Since launching three years ago, the Franklin Innovation Challenge has charged Franklin & Marshall students with creating inventive business plans to solve pressing social needs in their communities. This year, the contest has undergone an innovation itself -- with a new, timed format designed to inspire even more groundbreaking results and provide real hands-on experience.
After four months of traveling, volunteering and pursuing new experiences, 29 first-year students arrived on campus this semester to start their Franklin & Marshall careers.
America has come far in the 50 years since the high-water mark of the struggle for civil rights, but obstacles remain for all people to enjoy equality, author and radio host Michael Eric Dyson told a Franklin & Marshall College audience at the Feb. 27 Common Hour.
A York businessman who entered the Pennsylvania governor race in January with a flurry of television advertisements leads a group of Democrats vying for their party's nomination this year, according to a Franklin & Marshall College Poll released Feb. 26.
The College Reporter, Franklin & Marshall College's student-run weekly newspaper, printed its last edition on Feb. 3 and concurrently unveiled enhancements to its website and weekly emails.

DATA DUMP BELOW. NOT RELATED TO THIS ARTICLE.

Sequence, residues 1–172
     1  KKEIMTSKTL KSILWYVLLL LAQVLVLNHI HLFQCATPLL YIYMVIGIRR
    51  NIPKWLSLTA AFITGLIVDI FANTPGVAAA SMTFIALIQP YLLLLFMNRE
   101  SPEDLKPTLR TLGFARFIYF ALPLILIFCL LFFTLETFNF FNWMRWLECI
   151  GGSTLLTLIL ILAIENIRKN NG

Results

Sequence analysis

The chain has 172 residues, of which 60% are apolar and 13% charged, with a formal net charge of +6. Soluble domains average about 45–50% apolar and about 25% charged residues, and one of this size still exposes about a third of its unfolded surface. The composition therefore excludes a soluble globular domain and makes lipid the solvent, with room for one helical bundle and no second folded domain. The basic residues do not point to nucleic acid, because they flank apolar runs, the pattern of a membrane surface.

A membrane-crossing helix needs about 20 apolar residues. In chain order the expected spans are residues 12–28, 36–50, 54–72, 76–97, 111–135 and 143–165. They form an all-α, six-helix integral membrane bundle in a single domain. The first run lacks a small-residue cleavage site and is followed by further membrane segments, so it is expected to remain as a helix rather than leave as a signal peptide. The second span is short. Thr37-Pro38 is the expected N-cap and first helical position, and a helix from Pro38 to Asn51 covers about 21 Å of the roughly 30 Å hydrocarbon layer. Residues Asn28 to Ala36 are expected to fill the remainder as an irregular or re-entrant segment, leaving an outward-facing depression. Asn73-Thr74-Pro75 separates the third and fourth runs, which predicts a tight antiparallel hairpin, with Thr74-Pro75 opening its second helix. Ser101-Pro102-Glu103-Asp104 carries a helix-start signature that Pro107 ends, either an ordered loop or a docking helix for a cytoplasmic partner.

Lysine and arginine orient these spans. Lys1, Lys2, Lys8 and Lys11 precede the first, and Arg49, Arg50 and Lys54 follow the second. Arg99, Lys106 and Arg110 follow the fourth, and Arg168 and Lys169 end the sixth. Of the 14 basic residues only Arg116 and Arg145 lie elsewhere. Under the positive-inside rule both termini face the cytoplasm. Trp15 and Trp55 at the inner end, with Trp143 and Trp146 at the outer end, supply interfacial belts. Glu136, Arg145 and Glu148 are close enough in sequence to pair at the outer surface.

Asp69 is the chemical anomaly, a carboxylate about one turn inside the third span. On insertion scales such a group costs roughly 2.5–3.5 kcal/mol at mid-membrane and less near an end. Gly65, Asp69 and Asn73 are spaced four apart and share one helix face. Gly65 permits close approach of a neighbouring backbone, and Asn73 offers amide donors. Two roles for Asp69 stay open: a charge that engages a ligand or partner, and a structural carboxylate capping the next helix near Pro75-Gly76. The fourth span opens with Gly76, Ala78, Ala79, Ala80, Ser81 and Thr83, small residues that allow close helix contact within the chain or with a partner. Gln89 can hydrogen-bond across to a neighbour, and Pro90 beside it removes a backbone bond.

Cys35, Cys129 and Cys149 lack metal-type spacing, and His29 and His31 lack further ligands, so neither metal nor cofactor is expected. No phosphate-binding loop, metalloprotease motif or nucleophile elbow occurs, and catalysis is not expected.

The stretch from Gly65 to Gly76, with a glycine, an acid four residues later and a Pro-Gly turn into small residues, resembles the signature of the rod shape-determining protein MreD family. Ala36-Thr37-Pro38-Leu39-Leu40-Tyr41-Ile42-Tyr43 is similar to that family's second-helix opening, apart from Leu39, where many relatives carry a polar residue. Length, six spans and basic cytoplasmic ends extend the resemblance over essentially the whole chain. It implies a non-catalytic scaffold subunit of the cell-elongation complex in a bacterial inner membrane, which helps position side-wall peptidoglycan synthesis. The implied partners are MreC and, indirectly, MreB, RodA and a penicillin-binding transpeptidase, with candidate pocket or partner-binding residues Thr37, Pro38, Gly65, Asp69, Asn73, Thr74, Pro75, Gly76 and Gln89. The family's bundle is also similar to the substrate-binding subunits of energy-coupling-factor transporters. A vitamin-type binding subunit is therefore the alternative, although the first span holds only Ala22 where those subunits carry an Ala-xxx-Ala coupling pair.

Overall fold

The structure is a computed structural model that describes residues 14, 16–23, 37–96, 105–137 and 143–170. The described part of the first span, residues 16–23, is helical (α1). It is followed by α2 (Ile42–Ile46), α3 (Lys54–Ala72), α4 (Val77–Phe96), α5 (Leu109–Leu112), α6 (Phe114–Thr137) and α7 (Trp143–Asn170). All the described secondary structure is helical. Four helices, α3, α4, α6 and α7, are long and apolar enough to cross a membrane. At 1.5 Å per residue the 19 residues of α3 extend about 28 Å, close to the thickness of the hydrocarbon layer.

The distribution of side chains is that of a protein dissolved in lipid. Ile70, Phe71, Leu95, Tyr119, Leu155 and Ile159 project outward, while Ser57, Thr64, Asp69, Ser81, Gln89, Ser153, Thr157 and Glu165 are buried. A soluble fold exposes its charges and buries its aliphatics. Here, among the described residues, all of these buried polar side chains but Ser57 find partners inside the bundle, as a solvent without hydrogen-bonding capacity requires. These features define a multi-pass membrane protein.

First-year students arriving at Franklin & Marshall College this fall will blaze a new path to developing critical thinking skills across disciplines, as the College launches a revised curriculum.
MSNBC political analyst Michael Eric Dyson will discuss the ongoing struggle for racial equality during a Common Hour talk and campus visit as part of Franklin & Marshall College's second Civil Rights Week.
Continuing its mission to inspire exceptional, underserved high school students to consider pursuing a higher education, Franklin & Marshall College has invited 200 high-achieving students from 15 rural Pennsylvania high schools to the third annual F&M College Summit Feb. 25.
Is society drawn to death and destruction? Are humans intrigued by violent undertones? Franklin & Marshall College junior Zheng Jin found himself asking these questions as he researched a growing industry called dark tourism -- historic sites linked to death and tragedy.